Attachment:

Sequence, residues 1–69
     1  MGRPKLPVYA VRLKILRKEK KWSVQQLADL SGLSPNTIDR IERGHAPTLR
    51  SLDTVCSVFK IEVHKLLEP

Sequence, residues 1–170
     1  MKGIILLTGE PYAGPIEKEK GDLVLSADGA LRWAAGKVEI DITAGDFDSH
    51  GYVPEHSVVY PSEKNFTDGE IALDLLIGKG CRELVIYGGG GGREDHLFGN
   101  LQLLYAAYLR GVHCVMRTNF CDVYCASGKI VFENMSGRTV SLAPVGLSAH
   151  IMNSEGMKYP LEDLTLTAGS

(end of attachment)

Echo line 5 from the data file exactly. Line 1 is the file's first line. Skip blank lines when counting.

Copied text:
     1  MKGIILLTGE PYAGPIEKEK GDLVLSADGA LRWAAGKVEI DITAGDFDSH